What parts can I save from a scrap injection molder?

I am purchasing a 500-ton (clamping force) injection molder made in Japan, as scrap machinery. Weight appx. 50,000 lbs. I wonder, however,
what parts from it can I save that can be actually resold.
For example:
- 50 HP hydraulic pumps - Clamp cylinder (a huge hydraulic cylinder) - Hydraulic valves
While they seem attractive, I doubt that I will ever find a buyer for those. Any other ideas?
i
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What's the size, compression ratio, volume, and condition of the screw and housing (and heater and screw motor)?
Lloyd
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On 2014-06-06, Lloyd E. Sponenburgh <lloydspinsidemindspring.com> wrote:

Lloyd, I honestly do not know. I know that it is old.
i
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Offer the screw, housing, heater, and maybe the screw drive motor to an injection screw rebuilder. They'll pay more than scrap for it, even if it's not a lot.
Lloyd
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I should have added, that screws and housings in good condition are quite valuable, not only intrinsically, but because they are "refurbishable" less expensively than new, and end up in brand new condition afterwards.
Lloyd
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On Thu, 05 Jun 2014 20:23:04 -0500, Ignoramus30385

The straining rods are 4140. I've made many parts out of press straining rods. Not positive, but I bet the plattens are 4140 also.
Is it old enough to have timer relays? I guess not worth much, but they are built for 10,000,000s of cycles.
LOTS of hydraulic parts,
Karl
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This is a great idea.
i
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On 6/5/2014 6:23 PM, Ignoramus30385 wrote:

If the heat exchanger is still good, you might be able to find an interested party.
Paul
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I spent all day working on it to get it ready for moving, and parting out.
Here's what I have decided to take:
1) Two hydraulic pumps 30 an 37 kW 2) Hydraulic heat exchanger 3) Two hydraulic cylinders, one operating the clamp or die, another one operating the feed screw 4) Miscellaneous steel bars for making those infamous "welding tables". 5) (not decied yet) Maybe I will take the hydraulic motor that runs the feed screw. Any thoughts on this last one?
i
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What kind of shaft does it have?
I bought a used involute-splined hydraulic pump cheap and then had to machine a matching broach to mount a pulley on it. Surplus Center didn't have anything that would fit.
-jsw
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Q: What parts can I save from a scrap injection molder? A: All of them.
    Now, the better question is "Which ones _should_ you save?" to which the answer is "the working or useful bits". -- pyotr filipivich "With Age comes Wisdom. Although more often, Age travels alone."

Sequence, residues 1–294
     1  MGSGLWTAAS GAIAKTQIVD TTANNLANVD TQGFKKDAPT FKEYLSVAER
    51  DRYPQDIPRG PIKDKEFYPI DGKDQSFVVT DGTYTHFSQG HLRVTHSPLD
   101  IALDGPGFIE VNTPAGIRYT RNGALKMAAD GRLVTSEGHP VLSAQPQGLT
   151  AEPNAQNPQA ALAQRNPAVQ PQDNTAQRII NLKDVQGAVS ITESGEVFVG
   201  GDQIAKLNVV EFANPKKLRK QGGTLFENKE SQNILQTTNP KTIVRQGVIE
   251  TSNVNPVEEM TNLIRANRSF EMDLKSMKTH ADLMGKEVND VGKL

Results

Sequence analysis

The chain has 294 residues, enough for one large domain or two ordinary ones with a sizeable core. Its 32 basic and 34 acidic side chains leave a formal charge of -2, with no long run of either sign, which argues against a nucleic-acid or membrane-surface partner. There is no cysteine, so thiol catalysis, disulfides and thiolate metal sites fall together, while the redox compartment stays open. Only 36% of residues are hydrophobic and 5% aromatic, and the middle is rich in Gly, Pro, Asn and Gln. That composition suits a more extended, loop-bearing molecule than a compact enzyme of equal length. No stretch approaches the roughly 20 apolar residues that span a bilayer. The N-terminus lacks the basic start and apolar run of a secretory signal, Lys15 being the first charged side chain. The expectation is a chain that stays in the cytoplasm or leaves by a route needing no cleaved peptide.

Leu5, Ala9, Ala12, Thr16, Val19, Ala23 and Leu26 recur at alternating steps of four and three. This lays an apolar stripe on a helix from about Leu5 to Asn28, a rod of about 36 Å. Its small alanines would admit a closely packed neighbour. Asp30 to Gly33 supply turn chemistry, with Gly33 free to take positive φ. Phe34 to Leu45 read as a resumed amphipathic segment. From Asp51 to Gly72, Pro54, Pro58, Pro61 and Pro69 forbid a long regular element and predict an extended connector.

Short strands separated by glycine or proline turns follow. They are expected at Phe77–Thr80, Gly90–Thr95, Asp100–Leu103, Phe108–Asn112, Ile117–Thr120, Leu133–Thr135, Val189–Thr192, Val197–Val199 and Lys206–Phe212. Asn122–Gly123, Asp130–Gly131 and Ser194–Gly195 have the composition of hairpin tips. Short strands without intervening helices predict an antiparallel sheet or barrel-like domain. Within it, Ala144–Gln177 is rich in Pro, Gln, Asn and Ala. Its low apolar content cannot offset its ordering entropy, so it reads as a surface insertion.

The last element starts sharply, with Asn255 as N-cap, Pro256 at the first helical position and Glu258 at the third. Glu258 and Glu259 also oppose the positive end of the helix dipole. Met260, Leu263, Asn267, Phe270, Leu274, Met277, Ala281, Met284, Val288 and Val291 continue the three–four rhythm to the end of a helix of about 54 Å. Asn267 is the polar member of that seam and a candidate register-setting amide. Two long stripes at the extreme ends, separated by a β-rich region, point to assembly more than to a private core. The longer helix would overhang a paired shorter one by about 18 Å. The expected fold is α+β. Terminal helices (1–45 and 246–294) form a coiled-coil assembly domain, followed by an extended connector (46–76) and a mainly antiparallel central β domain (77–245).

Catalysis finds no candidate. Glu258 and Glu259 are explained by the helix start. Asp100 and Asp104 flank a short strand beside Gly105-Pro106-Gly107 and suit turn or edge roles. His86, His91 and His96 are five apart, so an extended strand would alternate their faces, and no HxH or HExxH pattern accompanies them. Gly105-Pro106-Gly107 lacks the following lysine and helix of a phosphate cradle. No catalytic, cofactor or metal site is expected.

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On 6/5/2014 8:23 PM, Ignoramus30385 wrote: ...

What does it hurt other than just a little time? I'd think the hydraulics wouldn't be very hard at all to get rid of. How big is "huge" on the cylinder? Altho the distance is an issue.
--



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140mm piston diameter, appx 3 feet stroke,
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wrote:

That'll split some big firewood!
-jsw
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Maybe I should build a nice log splitter from all the crap I have laying around, and sell it. I have pretty much everything.
i
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They're simple and fast to build. If I ever re-do mine, I'll add a vertical/horizontal tilt feature, and a log cradle. It's getting harder to lift the big cutoffs. It'll split 20" diameter oak without a strain, but lifting that big a piece up onto the rail is a strain.
I'll probably put a good Kawasaki or Honda on it, too, instead of that clanking old Briggs.
Lloyd
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On 2014-06-06, Lloyd E. Sponenburgh <lloydspinsidemindspring.com> wrote:

Sounds great. We did make a hydraulic unit for our beavertail semi trailer, by repowering an electric hydraulic pump with a Honda GX160 gasoline motor. Works great now. Log splitter is something very similar.
i
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Product liability insurance? Don't forget all the saftey warning stickers.
Best Regards Tom.
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On 2014-06-06, Howard Beal <NSA> wrote:

I do not have to say that I made it
i
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Yeah, if you ever do build and sell one of those, don't ever tell anyone you made it. "It came in an auction lot, your Honor."
--
It is characteristic of all deep human problems that they are
not to be approached without some humor and some bewilderment.
  Click to see the full signature.
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